After a 10-month recovery, Donnarumma’s life improved dramatically. She is now able to eat again – a luxury she had to give up for five years before her transplant. She also gained a new perspective on life.

I have a sense of gratitude that’s very different from other people,” she said. “I see each day as a gift, not just another day, and I’m living for joy and to make the world a better place.”

Still, there was one thing Donnarumma wanted to change once her health improved. As a girl who always enjoyed dressing fashionably, Donnarumma dreaded lugging along her ugly, heavy black IV nutrition backpack everywhere. Therefore, Donnarumma decided to make her own backpack and shared photos of it on her social media accounts. Other chronically ill patients saw it and asked if they could buy one.

Soon after, Donnarumma and her mother Debra decided to create a business, Chronically Fit, featuring customized, fashionable medical backpacks for people on IV nutrition or central feeding lines.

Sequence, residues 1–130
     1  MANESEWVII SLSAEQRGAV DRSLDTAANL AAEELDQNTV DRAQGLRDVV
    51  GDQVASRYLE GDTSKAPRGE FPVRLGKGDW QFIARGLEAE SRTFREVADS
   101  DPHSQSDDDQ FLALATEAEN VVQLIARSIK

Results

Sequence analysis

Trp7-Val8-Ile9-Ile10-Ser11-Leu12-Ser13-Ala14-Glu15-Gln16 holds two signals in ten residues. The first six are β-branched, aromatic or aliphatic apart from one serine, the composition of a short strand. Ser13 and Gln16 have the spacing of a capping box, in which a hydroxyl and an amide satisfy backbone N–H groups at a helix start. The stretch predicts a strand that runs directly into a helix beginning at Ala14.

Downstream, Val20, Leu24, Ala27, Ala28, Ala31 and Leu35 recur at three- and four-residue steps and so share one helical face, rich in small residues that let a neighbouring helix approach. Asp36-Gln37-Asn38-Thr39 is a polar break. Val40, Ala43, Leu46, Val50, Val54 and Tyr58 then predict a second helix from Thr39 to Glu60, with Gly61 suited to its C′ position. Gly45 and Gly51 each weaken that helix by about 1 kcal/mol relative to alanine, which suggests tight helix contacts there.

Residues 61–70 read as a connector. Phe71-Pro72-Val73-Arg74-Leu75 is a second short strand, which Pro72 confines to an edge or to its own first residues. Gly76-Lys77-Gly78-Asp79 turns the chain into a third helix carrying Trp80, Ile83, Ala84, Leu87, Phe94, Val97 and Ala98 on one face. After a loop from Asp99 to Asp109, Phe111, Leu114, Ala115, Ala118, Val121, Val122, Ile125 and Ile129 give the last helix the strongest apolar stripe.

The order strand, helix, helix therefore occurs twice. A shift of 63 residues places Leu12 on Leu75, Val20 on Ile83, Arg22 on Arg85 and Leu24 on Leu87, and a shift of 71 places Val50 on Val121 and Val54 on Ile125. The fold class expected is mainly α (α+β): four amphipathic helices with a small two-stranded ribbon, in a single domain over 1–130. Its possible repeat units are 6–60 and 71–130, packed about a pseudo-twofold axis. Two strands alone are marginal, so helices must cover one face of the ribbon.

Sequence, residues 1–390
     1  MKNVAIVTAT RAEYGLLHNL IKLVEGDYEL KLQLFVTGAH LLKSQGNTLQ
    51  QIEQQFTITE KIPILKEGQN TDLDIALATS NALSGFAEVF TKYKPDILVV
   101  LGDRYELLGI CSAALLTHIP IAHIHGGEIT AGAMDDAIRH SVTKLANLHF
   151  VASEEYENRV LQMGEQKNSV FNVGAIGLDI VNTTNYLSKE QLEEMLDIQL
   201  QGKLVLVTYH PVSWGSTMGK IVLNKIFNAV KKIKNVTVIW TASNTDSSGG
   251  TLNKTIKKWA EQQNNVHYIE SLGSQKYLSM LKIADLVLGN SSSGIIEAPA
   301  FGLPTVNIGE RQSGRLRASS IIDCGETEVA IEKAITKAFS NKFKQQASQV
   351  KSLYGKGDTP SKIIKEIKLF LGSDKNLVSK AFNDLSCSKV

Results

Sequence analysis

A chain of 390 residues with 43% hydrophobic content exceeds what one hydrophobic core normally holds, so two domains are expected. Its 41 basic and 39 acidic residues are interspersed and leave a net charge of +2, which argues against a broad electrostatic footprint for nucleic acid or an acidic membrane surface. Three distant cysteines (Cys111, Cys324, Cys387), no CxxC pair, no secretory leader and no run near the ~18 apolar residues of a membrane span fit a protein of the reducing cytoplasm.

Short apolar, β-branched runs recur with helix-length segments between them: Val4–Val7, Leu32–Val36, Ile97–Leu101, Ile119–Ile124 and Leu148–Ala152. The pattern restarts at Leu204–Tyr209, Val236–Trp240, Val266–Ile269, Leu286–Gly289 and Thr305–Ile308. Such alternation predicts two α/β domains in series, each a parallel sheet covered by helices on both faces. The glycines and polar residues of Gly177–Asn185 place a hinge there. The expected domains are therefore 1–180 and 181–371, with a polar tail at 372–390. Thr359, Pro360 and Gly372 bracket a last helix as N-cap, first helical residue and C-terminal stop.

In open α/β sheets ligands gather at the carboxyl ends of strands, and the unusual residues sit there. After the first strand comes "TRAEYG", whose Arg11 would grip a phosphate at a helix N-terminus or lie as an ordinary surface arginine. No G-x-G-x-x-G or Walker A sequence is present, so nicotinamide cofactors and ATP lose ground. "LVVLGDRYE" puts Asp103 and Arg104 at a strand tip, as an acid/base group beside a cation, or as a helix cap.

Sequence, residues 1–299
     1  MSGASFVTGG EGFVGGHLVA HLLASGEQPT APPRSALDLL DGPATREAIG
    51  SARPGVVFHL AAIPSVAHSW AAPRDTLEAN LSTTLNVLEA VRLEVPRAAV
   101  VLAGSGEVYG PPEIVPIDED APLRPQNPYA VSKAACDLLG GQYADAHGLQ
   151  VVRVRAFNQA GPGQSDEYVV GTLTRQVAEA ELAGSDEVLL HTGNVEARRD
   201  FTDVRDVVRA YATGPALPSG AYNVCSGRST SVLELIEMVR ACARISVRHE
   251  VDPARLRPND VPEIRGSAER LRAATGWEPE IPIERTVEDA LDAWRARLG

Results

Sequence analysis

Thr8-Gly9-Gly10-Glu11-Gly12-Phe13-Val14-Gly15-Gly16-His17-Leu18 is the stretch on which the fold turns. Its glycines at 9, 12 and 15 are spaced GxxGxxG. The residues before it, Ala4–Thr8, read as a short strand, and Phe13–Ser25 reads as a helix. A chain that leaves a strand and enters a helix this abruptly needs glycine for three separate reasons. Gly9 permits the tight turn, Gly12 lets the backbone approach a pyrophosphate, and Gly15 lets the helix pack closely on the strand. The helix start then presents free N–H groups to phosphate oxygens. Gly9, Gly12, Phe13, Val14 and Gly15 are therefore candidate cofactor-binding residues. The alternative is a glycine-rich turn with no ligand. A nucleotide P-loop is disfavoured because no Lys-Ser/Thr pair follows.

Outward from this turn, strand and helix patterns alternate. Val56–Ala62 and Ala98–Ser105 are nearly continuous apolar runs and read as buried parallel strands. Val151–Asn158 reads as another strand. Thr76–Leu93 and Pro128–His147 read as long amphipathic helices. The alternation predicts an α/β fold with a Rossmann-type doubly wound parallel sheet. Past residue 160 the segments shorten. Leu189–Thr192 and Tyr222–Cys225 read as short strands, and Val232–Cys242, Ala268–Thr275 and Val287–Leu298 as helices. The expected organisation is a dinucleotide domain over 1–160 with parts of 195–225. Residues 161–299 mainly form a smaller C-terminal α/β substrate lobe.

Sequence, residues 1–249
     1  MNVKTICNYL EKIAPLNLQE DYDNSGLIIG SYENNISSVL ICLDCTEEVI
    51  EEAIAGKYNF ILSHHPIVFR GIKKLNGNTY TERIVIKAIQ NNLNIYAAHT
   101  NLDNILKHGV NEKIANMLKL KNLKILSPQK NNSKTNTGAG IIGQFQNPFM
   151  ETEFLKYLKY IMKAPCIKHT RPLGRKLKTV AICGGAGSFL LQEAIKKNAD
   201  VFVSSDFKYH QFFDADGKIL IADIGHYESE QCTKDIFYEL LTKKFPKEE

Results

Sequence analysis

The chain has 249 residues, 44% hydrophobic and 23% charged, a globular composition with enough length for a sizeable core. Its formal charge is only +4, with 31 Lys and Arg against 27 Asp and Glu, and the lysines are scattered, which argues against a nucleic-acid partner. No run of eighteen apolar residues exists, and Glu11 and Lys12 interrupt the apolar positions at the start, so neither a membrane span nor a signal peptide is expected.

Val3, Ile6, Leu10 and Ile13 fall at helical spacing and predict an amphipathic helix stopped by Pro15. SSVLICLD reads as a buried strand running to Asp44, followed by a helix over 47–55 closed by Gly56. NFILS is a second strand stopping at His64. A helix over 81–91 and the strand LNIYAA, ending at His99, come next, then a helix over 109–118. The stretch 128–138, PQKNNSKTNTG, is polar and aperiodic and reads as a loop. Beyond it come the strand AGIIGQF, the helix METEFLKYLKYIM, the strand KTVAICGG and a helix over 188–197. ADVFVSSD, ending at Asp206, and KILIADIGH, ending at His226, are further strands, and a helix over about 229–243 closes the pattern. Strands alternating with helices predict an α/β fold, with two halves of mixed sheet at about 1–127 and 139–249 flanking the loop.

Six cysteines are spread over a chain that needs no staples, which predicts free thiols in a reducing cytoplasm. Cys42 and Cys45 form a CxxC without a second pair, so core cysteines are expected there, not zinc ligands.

“My goal was to close the gap between fashion and medicine,” said Donnarumma, explaining that the old backpacks made her feel more isolated. She also wants to educate others, so that “sick doesn’t mean unfashionable.”

Today, Chronically Fit has customers from all over the world and they are set to pair with an infusion health care company in the next few months.

Donnarumma said one lesson she learned from UM’s public relations classes has become particularly relevant in her life.

“The professors always told us to be transparent,” she said. “Being able to publicly share my story helps me because by sharing my story, I am able to educate others about how organ donation saved my life and how there are options for people who want to do something beautiful and heroic.”

In June, Donnarumma will marry her fiance Conlan, who she met after returning home from her transplant and recovery. Some of her UM friends will likely be standing at the altar. And the father of her transplant donor may also be walking her halfway down the aisle.